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Vermont Blizzards: Snow Removal then and now It is clear that snow has always been a part of the landscape in Vermont, so how have things changed? My scrapbook captures the evolution of snow-removal technology. LS07086 Vermont 1959

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It is clear that snow has always been a part of the landscape in Vermont, so how have things changed? My scrapbook captures the evolution of snow-removal technology. LS07086

Vermont 1959

Blizzard of March 1888Look how far we have come! This photograph depicts Main Street in Brattleboro, Vermont after a big snow.

Notice there seems to have been no attempt to remove snow from the roadway. If you look closely you can see a horse and cart traveling across the snow. LS01896_000

snow rollers
Snow Rollers

The reason the snow was not removed from Main street in the previous picture is because before the plow and the automobile, people used snow rollers.


Greensboro, Vermont 1923

snow rollers continued
Snow Rollers continued

The purpose of these rollers was to pack down the snow (not remove it) in order to provide a smooth surface over which horses and carts could pass. LS03955_000 Vermont, 1941.

snow rollers6
Snow Rollers

This picture gives a better idea of what snow rollers looked like and the materials they were composed of. Snow rollers were often constructed with two wooden barrels centered around a cast iron bearing to support a steel arbor. A platform was built over the rollers for a conductor, and a neck yolk was present to hold the horses. LS03993_000 Newark, Vermont 1955.

winter travel
Winter Travel

This picture shows why it was not necessary to clear all the snow from the roads. Since most travel occurred by horse and cart, having packed snow made it easier for the carts to slide along. LS01934_000 Ryegate, Vermont 1907.

the beginning of the snow plow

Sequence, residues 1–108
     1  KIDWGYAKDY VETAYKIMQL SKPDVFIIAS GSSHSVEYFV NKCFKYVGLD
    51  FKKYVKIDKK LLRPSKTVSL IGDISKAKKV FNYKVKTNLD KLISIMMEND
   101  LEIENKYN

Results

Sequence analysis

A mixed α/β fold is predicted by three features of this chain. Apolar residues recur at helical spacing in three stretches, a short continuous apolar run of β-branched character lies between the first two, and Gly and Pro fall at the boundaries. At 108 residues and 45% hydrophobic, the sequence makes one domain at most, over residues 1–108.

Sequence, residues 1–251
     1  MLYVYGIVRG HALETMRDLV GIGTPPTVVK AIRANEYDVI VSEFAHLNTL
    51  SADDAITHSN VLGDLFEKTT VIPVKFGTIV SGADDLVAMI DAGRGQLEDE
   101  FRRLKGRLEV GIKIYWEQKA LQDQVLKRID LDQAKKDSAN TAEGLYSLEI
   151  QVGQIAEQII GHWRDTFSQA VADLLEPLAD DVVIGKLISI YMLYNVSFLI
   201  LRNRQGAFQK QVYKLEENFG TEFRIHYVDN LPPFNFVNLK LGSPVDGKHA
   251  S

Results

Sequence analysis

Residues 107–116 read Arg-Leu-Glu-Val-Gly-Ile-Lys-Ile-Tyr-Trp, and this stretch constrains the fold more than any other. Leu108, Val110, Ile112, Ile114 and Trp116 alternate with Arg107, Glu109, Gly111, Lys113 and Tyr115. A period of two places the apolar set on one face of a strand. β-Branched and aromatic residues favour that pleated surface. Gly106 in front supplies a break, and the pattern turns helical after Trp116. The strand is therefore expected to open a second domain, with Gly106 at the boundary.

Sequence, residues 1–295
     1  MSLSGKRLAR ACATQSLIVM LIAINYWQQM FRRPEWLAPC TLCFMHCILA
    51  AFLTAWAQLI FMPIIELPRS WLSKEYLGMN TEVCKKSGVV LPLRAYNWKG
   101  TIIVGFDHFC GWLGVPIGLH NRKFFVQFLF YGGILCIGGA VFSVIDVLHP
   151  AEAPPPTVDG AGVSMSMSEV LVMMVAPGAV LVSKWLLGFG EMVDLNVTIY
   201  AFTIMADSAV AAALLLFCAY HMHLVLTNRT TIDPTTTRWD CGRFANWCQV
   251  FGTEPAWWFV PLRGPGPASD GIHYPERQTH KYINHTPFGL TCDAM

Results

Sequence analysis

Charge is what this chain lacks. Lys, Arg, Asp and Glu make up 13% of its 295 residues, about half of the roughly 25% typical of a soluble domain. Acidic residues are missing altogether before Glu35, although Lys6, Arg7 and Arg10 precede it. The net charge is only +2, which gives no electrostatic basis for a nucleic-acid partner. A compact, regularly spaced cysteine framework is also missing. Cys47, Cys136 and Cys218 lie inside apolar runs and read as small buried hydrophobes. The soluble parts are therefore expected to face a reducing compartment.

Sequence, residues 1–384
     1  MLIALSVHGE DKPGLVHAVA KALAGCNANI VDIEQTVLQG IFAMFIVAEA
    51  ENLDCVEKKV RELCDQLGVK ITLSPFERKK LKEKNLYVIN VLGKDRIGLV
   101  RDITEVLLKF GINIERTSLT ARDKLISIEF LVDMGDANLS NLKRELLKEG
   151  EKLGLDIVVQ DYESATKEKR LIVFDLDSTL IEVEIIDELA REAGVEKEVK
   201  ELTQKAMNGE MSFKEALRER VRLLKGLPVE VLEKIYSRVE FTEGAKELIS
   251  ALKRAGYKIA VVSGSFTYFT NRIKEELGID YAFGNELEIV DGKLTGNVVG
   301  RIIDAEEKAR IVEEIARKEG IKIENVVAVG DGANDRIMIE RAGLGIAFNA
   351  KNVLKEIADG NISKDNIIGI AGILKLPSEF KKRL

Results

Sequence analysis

The beginning of the Snow Plow

With the invention of the automobile, packed snow on the roads was no longer safe. Snow rollers were replaced by plows with V-shaped wings.

Greensboro, Vermont 1950

the snow plow continued
The Snow Plow continued

Although the plows were originally driven by horses, bulldozers were all the hype in the 1940’s and 50’s. LS02789_000 Greensboro, Vermont 1950.

the evolving methods
The evolving methods…

It is obvious from these two photographs why Vermont’s snow removal program needed a face-lift. Below: LS07913_000 Stowe, Vermont 1963.

So how did Vermont get from point a (the picture above) to point b (the picture to the right)? The answer: Vermont’s Agency of Transportation. Above: LS11586_000 Burlington, 1880.

the modern plow
The Modern Plow

Today Vermont’s Agency of Transportation is equipped with multiple plows and snow removal devices. They follow a three step process including salt application, sand application, and a chemical de-icing process. LS07087_000

Williamstown, Vermont 1965

everyday life
Everyday life

The best part of new snow removal technologies is the effect it has on people’s everyday lives. During the earliest blizzards in Vermont roads were impassable for days, newspapers were shut down, and mail was not delivered for up to a week!

This picture depicts a mailman in Burlington making sure mail was delivered the day following the big Valentines Day Blizzard of 2007. This is a perfect example of how snow removal technology has bettered every day activity.LS12149_000


These two pictures depict powerful blizzards: one from 1888 and one from 2007. Although the Valentines Day blizzard left cars covered in snow, the roads were cleared the day after, unlike the picture above.

Above: LS12147 Burlington, 2007

Below: LS11584 Burlington, 1888.

  • Bailey, Harold L. “The Ghosts of Winters Past---and Winters Present.” The Vermonter.1928: 33.
  • Blaisdell, Katharine. Over The River and Through the Years. Bradford, VT: Courier Printing Company, 1980. Davis, Allen F. Postcards from Vermont: A Social History 1905-1945. Hanover, NH: University Press of New England, 2002.
  • Dupigny-Giroux, Leslie. “Climate Variability and Socioeconomic Consequences of Vermont’s Natural Hazards: A Historical Perspective.” Vermont History Journal.7 January 2008. <>
  • Flint, Leroy. “Snow Rollers.” The Rural Vermonter. January-February 1966: 34.
  • Ludlum, David M. The Vermont Weather Book. Montpelier: Vermont Historical Society Inc, 1985.
  • Pollard, Louise. “Ole Man Winter.” The Vermonter. September 1931: 36.
  • “The Northeastern Guide to Mountain Adventure.” 3 January 2008. 7 January 2008. <>
  • Vermont Agency of Transportation. Use of Ice and Snow Melting Materials on Highways. Vermont, 1992.
  • “VTrans History” Vermont Agency of 2004. 7 January 2008. <>
  • “Weather History Locations in Vermont” 2008. Farmers Almanac. 7 January 2008. <>
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